The Depression of the 1930’s was a hard time for a working class community like Youngstown. The steel mill was closed much of the time, putting up a small blackboard to notify employees when there was an order that would produce a few days work. Many Riverside residents worked in public projects under federal programs like the Works Progress Administration. Women went to work at the National Cannery Company, on call whenever products such as pork and beans, fruits and vegetables arrived or the local fishing fleet brought its catch.
People relied on their gardens, on fishing, on keeping chickens and goats, and on drinking goats’ milk when needed. They would get through the winters by canning fruit from trees in the neighborhood. Residents also gathered coal that fell off the railroad cars passing through. The customers at Skalabrin’s grocery store ran up large charge books; the store would carry families until payday and often beyond.
Dale Corliss and his family were invited to dinner by a family who had thirteen children. “We had corn flakes and canned milk and bread with lard on it. That was their dinner–that was a special dinner. We never forgot that.”
Many of the children at Youngstown came from large families. Harold Tuffs (whose family had 11) mentioned the Walcotts who lived up on Avalon and had 18 children. “That mother would bring this huge box out on the porch. Then the youngest would come out, and get a kiss and a sack. And a kiss and a sack. Kiss and a sack [he makes a motion like a stair-step]…. I used to love to run up there and watch that.”
At lunchtime, many students could not afford to buy the hot lunch. Those who did considered it a treat. “[I]n the late Depression, we could never afford to throw away food,” Clifford Harrington recalls. “My mother used to say, ‘If you can’t eat it, don’t take it.’ I think I remember peanut butter sandwiches and soup and that little bottle of milk…. we never would leave any food because it cost too much.” Others remembered oyster soup, surplus meat, and tapioca pudding. In addition, those students who qualified would receive a milk lunch, a morning snack of milk and crackers.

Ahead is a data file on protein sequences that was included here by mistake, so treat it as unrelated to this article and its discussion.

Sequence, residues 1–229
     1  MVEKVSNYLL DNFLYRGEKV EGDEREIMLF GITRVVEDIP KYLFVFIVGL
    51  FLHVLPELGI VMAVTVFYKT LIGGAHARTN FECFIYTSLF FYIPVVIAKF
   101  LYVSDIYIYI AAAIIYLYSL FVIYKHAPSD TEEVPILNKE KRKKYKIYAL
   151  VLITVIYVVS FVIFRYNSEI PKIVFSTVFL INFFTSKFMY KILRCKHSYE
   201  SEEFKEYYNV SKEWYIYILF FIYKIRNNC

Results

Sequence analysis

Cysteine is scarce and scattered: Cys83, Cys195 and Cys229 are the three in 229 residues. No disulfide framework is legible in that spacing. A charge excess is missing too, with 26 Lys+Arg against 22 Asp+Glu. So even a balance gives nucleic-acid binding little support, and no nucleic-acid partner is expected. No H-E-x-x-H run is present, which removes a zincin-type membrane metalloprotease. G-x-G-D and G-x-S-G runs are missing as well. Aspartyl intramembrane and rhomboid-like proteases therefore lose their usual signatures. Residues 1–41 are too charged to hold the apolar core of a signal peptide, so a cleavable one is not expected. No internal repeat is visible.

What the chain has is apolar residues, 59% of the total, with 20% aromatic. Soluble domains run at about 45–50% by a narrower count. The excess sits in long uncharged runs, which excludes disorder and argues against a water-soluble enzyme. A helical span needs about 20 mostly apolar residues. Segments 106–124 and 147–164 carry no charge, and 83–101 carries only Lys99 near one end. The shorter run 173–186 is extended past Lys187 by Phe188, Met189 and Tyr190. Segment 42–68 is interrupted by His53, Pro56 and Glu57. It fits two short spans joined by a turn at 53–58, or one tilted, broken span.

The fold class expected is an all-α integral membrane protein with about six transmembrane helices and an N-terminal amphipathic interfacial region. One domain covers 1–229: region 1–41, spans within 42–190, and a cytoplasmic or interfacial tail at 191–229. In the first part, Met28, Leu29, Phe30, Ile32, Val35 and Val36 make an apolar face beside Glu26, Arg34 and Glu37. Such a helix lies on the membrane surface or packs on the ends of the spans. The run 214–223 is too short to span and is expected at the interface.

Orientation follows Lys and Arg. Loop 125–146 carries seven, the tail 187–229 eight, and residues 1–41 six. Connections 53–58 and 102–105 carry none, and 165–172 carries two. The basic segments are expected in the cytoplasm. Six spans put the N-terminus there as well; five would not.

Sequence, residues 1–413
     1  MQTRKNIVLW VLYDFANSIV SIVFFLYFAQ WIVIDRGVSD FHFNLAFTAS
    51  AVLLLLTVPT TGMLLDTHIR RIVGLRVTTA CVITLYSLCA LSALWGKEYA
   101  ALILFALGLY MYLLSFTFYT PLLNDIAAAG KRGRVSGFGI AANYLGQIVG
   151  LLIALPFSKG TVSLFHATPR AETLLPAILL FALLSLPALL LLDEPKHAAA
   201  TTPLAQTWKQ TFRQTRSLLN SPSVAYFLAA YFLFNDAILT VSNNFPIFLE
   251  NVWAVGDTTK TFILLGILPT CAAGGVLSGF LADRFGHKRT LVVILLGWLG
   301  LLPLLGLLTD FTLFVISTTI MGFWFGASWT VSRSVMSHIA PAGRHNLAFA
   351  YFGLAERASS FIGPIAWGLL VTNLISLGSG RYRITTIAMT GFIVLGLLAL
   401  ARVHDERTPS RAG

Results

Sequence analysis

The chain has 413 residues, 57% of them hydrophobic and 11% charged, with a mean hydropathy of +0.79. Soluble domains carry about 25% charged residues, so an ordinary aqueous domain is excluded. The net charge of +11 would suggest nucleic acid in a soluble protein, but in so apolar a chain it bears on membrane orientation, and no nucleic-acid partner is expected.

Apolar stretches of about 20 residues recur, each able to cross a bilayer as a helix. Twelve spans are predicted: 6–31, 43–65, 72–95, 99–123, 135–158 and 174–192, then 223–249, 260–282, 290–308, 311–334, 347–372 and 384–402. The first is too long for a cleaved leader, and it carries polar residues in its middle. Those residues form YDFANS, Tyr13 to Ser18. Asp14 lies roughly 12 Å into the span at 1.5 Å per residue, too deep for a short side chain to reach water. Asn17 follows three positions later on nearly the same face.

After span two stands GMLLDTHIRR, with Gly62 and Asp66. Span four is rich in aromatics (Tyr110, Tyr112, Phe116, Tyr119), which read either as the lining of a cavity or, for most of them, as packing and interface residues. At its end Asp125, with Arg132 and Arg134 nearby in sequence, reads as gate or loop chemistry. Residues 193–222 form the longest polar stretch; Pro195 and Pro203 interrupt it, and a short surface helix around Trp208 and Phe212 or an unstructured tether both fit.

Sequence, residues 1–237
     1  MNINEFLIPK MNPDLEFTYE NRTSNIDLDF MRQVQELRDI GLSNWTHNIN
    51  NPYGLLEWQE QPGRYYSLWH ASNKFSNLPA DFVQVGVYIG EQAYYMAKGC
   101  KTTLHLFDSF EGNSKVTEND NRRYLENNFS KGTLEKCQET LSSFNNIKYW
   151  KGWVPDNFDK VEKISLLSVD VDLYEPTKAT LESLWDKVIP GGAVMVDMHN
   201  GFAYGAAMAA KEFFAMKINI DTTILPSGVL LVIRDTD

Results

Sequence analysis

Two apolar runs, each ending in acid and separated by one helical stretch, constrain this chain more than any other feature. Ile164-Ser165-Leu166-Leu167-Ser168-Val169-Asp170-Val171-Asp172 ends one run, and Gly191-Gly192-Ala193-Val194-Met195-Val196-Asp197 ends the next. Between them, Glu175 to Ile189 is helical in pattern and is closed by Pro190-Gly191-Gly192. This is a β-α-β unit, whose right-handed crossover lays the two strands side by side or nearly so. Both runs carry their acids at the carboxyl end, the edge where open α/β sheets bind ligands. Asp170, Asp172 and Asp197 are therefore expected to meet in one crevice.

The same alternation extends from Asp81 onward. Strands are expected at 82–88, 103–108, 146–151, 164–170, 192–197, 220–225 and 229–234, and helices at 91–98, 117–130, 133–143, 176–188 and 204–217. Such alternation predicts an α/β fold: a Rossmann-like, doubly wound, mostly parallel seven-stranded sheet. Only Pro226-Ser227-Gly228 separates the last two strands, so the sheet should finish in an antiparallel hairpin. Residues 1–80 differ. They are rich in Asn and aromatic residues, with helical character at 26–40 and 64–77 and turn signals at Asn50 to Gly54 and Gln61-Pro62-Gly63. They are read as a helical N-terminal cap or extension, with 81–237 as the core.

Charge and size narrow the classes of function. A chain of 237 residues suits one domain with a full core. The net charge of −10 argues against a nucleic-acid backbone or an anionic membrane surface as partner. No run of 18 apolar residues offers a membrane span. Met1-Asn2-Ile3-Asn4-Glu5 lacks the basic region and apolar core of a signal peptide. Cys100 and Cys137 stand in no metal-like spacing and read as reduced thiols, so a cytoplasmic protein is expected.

The school also hosted a program for pre-school children which included a daily lunch, and there was a commissary by the steel company where people could get milk, bread, flour, eggs, sugar, and salt. “I remember my brother had his little red wagon,” Baxter recalled. “He and I, it was our job to take that wagon down and get our stuff and bring it home.” Her father trolled for fish for the family and sold the extra fish for 25, 50, or 75 cents, depending on size.
Hard times showed up in sewing classes, too. Girls making dresses allowed a generous hem so it could be let down as they grew. Instead of buying new fabric, they brought scrap from home for their projects or fabric from old clothes that could be dyed and re-used. Georgia Baxter’s mother would rip up hand-me-down clothes people had given them, wash the material, then cut out patterns and make new clothes for her children.
Youngstown students who went on to West Seattle High School often walked to the top of Duwamish Head to save the streetcar fare. “We used to get streetcar tokens, two for a nickel, and if you couldn’t afford them we walked from there up to the high school…,” recalled Erma Schwartz. Once during a snow storm, “three of us went up there and Abbe Cash [the boys’ advisor] met us at the door and he said, ‘You crazy kids. Why did you come?’ Well, that was a letdown after we had struggled all that way to get up there in the snow storm.” The children warmed up in a room of the school and then trudged back down the hill.